Copyright 2007 Associated Press. All rights reserved. This material may not be published, broadcast, rewritten or redistributed.
Watch: Spectator films as Woods' shot hits him
It was a collision watched by millions of fans on television, and one that came at a pivotal juncture as Tiger Woods sought to win The Open. It also gave Colin Hauck the story of a lifetime.
Hauck was among dozens of fans situated along the left side of the 11th hole during the final round at Carnoustie as the pairing of Woods and Francesco Molinari hit their approach shots. After 10 holes of nearly flawless golf, Woods missed the fairway off the tee and then pulled his iron well left of the target.
The ball made square contact with Hauck, who hours later tweeted a video showing the entire sequence - even as he continued to record after Woods' shot sent him tumbling to the ground:
The bounce initially appeared fortuitous for Woods, as his ball bounded away from thicker rough and back toward the green. But an ambitious flop shot came up short, and he eventually made a double bogey to go from leading by a shot to trailing by one. He ultimately shot an even-par 71, tying for sixth two shots behind Molinari.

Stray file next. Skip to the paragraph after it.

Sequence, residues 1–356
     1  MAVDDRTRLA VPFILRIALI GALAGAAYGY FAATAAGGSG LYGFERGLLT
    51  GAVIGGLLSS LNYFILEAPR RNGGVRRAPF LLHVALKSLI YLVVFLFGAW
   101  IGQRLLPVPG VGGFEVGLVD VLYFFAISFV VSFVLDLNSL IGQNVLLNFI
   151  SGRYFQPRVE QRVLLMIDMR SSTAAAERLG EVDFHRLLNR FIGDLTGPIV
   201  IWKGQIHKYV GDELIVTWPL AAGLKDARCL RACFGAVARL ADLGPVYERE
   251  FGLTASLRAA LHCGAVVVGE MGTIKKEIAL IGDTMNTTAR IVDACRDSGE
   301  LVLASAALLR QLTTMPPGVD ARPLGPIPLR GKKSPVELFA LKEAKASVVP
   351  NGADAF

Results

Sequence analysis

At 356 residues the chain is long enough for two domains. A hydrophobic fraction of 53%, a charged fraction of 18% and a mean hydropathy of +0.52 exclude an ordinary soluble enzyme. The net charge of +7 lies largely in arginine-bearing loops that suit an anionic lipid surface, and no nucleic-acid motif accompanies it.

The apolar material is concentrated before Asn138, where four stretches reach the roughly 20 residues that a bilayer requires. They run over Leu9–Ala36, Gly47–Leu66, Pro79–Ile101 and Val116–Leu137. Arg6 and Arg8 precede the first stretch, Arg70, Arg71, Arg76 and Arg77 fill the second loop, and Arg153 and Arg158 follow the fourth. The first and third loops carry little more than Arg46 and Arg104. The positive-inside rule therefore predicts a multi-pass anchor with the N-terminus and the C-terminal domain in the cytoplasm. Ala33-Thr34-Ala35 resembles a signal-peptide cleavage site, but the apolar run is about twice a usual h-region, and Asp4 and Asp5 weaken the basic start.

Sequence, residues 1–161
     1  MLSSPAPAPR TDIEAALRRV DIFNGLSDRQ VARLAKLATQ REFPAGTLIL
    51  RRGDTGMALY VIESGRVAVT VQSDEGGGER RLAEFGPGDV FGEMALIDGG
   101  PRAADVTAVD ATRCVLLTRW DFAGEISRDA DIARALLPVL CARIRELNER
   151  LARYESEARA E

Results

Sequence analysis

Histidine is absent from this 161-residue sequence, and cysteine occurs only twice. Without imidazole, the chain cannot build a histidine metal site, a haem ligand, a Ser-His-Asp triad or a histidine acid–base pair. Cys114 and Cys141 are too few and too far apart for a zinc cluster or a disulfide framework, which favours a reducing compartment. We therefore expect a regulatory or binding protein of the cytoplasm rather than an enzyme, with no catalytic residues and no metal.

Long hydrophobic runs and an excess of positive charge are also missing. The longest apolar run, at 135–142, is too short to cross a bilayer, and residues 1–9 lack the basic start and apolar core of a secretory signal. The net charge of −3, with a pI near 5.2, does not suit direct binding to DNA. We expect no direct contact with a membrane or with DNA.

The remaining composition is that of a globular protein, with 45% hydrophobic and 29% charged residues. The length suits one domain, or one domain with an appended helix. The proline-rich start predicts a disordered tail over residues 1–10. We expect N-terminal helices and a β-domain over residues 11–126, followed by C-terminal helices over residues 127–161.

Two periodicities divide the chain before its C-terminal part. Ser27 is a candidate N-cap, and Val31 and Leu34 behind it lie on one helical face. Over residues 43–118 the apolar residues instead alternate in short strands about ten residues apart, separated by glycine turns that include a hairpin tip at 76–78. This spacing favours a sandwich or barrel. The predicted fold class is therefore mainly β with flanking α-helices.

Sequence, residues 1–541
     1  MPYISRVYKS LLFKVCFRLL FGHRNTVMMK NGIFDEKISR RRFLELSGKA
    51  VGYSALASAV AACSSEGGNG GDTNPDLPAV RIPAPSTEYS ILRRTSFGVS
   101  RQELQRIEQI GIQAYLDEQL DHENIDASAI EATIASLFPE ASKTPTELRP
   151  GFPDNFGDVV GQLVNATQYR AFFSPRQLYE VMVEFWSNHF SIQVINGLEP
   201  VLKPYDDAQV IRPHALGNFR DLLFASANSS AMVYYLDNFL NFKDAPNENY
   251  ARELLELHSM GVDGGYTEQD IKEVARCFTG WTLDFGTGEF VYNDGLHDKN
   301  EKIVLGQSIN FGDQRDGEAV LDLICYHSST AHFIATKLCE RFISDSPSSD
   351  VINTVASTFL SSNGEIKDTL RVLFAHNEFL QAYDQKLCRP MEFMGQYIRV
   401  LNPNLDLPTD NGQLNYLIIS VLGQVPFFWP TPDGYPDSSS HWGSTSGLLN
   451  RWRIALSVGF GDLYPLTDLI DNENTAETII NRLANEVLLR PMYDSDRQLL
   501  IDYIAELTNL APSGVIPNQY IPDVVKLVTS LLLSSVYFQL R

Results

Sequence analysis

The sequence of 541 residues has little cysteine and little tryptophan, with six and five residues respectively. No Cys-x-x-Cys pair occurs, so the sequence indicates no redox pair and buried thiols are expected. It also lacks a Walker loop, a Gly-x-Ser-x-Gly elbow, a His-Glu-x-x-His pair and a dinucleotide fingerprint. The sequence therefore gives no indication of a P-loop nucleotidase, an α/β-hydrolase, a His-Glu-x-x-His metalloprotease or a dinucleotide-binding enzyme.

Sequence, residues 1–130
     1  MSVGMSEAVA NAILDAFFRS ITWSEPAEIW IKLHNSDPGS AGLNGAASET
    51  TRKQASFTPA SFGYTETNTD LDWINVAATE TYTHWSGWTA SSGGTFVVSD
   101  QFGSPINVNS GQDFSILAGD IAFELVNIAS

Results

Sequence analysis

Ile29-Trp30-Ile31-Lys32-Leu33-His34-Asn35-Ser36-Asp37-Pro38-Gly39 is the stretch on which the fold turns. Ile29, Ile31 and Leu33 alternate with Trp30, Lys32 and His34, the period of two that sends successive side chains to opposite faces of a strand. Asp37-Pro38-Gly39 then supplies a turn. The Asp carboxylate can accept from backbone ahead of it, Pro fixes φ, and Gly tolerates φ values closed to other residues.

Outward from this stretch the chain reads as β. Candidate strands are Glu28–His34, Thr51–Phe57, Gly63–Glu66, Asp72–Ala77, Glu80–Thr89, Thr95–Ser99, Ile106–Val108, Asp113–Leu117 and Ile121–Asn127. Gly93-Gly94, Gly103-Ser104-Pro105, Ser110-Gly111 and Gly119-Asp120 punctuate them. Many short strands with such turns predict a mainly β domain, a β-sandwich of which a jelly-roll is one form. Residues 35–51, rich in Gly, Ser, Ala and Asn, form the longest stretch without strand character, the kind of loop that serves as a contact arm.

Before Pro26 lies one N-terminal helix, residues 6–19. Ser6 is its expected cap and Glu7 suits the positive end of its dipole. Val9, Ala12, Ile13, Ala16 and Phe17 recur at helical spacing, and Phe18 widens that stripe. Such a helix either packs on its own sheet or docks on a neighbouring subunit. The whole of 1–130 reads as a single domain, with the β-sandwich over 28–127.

For his efforts as a human shield, Hauck received a signed glove and a handshake from Woods - not to mention a firsthand video account that will be sure to spark plenty of conversations in the coming years.
Molinari retirement plan: coffee, books and Twitter
After breaking through for his first career major, Francesco Molinari now has a five-year exemption on the PGA Tour, a 10-year exemption in Europe and has solidified his standing as one of the best players in the world.
But not too long ago, the 35-year-old Italian was apparently thinking about life after golf.